• witness – Henry Byington a full blood Choctaw Indian Lawyer states that he has printed records of proceedings of the United States Court of Claims (Case No: 12742)  “Choctaw Nation of Indians vs. the United States” and that the name Holla is found in Vol.1 on pages 190, 436 and 437, as residing on certain lands in the State of Mississippi.  [Locate this information for confirmation, would be good to have a list of these Holla’s]
  • Court Claims this evidence can’t be submitted under the 14th article of the 1830 treaty because they can’t prove relationship between Jane Higginbotham and the Holla’s listed in the records.  [Research this treaty]
  • witness – Charles Smith [confusion about his true age which makes his testimony a little wishy washy]  He states he is 81 years old, full-blood Choctaw freedman, says he knew Sanford and Jane in AL, they spoke like full blood Choctaw and were recognized as Choctaw.
  • witness – Alsie Ervine – 90 years of age
  • witness – Charles Lane – 90 years of age
  • witness – Prime Harvey – 80 years of age, citizen of creek nation
  • witness – Zack Shoals – Berwyn, Indian Territory
  • witness – Cassie Franklin – Wynnewood, Indian Territory

And just in case you are as unschooled about this time period and what all was going on between the United States and the Native Americans at that time, here is some information that I looked up pertaining to the above information:

From Wikipedia:

The Five Civilized Tribes were the five Native American nations—the CherokeeChickasawChoctawCreek, and Seminole—that were considered civilized by Anglo-European settlers during the colonial and early federal period because they adopted many of the colonists’ customs and had generally good relations with their neighbors.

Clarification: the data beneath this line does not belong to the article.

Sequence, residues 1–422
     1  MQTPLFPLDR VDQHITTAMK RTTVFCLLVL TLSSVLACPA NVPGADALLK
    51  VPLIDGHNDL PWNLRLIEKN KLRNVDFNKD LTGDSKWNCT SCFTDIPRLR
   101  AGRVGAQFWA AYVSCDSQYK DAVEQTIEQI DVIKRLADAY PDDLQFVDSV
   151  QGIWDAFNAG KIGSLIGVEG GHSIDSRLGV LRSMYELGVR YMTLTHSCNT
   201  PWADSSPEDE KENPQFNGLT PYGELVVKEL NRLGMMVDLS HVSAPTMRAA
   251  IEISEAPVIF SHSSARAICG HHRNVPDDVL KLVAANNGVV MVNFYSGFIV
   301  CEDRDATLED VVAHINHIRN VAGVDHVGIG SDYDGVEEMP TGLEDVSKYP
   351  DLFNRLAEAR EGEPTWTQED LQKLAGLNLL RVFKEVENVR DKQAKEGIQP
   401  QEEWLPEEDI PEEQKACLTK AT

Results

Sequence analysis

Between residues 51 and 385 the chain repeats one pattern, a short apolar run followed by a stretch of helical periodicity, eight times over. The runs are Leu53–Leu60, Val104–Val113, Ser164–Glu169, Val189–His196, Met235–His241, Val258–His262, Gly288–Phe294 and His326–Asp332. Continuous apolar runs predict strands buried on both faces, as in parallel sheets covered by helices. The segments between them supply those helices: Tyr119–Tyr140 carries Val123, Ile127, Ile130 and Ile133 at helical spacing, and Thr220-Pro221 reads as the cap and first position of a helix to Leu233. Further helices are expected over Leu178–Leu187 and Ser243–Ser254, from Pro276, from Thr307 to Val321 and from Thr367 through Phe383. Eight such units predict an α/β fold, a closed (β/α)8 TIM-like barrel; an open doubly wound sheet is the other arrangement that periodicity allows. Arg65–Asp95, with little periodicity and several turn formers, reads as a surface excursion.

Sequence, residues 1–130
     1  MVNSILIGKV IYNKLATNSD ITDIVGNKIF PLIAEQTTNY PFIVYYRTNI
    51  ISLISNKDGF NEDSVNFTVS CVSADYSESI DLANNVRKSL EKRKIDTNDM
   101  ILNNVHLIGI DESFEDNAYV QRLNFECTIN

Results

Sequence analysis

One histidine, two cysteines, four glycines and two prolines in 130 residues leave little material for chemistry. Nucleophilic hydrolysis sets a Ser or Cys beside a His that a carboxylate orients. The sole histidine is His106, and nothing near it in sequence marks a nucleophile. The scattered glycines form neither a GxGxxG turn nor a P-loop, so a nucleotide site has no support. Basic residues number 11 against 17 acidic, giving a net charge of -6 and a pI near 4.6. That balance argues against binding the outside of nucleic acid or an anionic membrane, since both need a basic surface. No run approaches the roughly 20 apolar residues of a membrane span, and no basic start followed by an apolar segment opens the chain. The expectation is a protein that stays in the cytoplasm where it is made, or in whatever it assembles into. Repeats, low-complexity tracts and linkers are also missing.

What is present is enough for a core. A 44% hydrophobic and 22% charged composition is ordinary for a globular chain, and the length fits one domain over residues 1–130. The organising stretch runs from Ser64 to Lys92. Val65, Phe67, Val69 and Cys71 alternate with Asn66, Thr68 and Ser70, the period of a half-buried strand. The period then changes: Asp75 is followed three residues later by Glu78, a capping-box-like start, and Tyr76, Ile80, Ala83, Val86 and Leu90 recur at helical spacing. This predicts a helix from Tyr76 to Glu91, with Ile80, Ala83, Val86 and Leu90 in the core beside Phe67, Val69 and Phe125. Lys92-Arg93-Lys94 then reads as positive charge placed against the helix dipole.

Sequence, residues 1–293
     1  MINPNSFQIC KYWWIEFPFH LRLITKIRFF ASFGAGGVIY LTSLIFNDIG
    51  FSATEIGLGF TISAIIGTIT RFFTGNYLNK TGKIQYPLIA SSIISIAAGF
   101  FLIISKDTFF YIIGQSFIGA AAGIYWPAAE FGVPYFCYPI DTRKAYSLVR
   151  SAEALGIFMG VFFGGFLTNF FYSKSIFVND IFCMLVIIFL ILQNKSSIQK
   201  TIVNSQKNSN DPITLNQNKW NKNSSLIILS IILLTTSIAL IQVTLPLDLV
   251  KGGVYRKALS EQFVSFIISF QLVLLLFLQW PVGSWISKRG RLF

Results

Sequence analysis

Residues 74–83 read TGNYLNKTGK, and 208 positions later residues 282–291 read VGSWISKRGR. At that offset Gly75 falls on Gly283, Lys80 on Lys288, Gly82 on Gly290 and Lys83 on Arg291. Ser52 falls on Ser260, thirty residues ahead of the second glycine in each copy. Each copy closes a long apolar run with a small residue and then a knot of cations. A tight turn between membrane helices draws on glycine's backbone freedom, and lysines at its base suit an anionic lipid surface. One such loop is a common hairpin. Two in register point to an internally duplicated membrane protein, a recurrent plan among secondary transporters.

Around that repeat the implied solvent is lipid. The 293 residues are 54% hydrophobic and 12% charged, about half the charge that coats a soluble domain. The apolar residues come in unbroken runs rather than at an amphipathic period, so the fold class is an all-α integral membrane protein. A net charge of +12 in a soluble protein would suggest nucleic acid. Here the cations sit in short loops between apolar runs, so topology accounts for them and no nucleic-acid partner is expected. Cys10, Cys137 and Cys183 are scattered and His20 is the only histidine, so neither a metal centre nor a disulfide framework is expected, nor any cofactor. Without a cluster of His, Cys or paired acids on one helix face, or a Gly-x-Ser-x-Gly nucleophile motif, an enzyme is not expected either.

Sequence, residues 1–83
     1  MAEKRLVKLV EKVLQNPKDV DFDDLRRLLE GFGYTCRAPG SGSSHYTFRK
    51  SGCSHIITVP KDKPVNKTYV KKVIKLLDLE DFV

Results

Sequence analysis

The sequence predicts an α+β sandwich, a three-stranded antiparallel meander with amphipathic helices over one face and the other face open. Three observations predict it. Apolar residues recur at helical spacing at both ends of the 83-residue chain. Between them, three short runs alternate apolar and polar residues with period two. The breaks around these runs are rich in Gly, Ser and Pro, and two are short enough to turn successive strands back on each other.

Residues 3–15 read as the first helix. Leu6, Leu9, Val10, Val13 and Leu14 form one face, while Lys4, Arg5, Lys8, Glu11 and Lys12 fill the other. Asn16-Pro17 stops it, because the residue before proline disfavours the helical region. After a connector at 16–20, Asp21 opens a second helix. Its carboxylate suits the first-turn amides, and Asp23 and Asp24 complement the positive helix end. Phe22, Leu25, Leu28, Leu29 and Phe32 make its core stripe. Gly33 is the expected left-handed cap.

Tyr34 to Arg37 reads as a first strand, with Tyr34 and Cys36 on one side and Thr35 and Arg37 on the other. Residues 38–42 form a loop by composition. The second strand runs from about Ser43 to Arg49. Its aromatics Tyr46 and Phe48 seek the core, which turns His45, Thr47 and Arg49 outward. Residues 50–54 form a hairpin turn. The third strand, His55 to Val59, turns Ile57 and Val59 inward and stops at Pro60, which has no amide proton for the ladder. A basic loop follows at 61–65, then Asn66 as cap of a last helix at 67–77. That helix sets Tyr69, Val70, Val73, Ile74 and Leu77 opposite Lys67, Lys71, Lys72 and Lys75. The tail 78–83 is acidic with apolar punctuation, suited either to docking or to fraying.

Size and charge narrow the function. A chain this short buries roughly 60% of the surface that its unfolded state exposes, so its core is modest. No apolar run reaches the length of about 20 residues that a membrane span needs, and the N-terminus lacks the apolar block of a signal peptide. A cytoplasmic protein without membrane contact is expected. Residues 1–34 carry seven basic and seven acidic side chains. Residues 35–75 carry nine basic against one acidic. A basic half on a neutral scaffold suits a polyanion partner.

The Treaty of Dancing Rabbit Creek was a treaty signed on September 27, 1830 (and proclaimed on February 24, 1831) between the Choctaw (an American Indian tribe) and the United States Government. This was the first removal treaty carried into effect under the Indian Removal Act. The treaty ceded about 11 million acres (45,000 km2) of the Choctaw Nation (now Mississippi) in exchange for about 15 million acres (61,000 km2) in the Indian territory (now the state of Oklahoma). The principal Choctaw negotiators were Chief Greenwood LeFloreMusholatubbee, and Nittucachee; the U.S. negotiators were Colonel John Coffee and Secretary of War John Eaton.
The site of the signing of this treaty is in the southwest corner of Noxubee County, Mississippi in the United States; the site was known to the Choctaw as Chukfi Ahihla Bogue (Dancing Rabbit Creek). The Treaty of Dancing Rabbit Creek was the last major land cession treaty signed by the Choctaw.[citation needed] With ratification by the U.S. Congress in 1831, the treaty allowed those Choctaw who chose to remain in Mississippi to become the first major non-European ethnic group to gain recognition as U.S. citizens.
The Choctaw were the first of the “Five Civilized Tribes” to be removed from the southeastern United States, as the federal and state governments desired Indian lands to accommodate a growing agrarian American society. In 1831, tens of thousands of Choctaw walked the 800-kilometer journey to Oklahoma and many died.[citation needed] Like the Creek, Cherokee, Chickasaw, and Seminole who followed them, the Choctaw attempted to resurrect their traditional lifestyle and government in their new homeland.

The Choctaw at this crucial time became two distinct groups: the Nation in Oklahoma and the Tribe in Mississippi. The nation retained its autonomy to regulate itself, but the tribe left in Mississippi had to submit to state and U.S. laws. Under article XIV, in 1830 the Mississippi Choctaws became the first major non-European ethnic group to gain U.S. citizenship.[6][7] The Choctaw sought to elect a representative to the U.S. House of Representatives.